The House of Commons voted today to allow local MP Jesse Norman to introduce new legislation to help young apprentices and their families.
If passed, Jesse's Apprenticeships Bill will require the Government to conduct research into whether Child Benefit and Tax Credit eligibility should be extended to the families of 16-19 year old apprentices. Under current rules, Child Benefit and Tax Credits only remain payable if a 16-19 year old stays in full time education. This means that families of 16-19 year olds who start apprenticeships may lose up to £83 per week in benefits.
Jesse secured the Bill via a House of Commons debate on a so-called Ten Minute Rule motion. He was supported by fellow MPs Angie Bray, Jim Shannon and Graham Stuart, the chair of the influential Education Select Committee.
Jesse’s motion also received backing from the National Institute for Adult Continuing Education (NIACE). The motion was unopposed and will now be printed as a Bill, which is expected to be debated in January 2015. At this late stage in the parliamentary year, the present Bill is not likely to become law, but it will provide a focus for Jesse and his colleagues to continue to campaign on the issue.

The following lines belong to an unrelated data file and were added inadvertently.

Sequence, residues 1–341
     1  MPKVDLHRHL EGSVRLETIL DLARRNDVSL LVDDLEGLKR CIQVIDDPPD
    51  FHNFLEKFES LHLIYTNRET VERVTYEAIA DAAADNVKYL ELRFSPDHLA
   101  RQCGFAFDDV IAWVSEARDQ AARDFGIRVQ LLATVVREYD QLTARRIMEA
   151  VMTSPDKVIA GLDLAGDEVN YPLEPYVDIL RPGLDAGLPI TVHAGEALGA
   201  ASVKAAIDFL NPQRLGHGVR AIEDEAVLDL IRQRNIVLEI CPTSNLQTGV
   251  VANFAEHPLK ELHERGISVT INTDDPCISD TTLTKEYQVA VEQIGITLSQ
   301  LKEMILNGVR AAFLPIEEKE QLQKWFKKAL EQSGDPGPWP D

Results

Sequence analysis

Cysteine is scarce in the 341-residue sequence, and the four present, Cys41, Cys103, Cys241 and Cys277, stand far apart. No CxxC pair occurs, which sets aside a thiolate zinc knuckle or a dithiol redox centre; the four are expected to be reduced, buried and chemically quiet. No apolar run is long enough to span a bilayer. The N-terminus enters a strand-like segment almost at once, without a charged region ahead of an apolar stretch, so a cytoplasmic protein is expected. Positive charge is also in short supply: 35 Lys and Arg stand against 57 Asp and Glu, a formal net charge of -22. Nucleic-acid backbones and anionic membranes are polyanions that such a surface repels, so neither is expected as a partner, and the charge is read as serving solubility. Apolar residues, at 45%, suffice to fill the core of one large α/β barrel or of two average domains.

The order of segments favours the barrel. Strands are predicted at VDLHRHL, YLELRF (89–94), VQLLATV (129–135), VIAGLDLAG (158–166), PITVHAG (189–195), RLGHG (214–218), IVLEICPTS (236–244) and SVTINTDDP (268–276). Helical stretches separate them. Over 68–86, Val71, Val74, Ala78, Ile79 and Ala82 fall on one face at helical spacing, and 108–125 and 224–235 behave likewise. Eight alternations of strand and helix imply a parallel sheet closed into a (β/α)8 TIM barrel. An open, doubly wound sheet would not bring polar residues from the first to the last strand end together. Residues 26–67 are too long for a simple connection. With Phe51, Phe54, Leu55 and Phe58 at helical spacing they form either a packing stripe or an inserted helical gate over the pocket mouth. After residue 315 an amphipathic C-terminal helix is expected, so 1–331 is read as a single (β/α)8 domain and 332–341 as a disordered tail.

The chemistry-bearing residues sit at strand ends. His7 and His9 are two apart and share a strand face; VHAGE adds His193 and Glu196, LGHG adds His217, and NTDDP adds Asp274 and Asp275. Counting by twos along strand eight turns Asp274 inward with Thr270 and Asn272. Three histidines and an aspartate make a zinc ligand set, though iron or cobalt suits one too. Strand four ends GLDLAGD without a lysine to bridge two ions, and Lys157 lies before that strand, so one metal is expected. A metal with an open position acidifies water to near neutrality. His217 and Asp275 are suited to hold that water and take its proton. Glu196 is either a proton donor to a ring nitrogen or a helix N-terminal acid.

Speaking outside the Commons chamber Jesse said: “At my Jobs Fair in Hereford last March, a friend who runs a local jobs club pointed out a serious injustice in the way the benefits system treats young people.
"The Government has done a huge amount to increase the number of apprenticeships and to get more people into work. Since 2010 the number of apprenticeships is up by 80 per cent over the previous four years.
"But it appears that the possible loss of benefits when 16-19 year olds take up apprenticeships is stopping some of them from the poorest families from choosing apprenticeships. That is why I am so pleased to be able to give this issue the public attention it deserves, and to urge the Government to look into it fully.”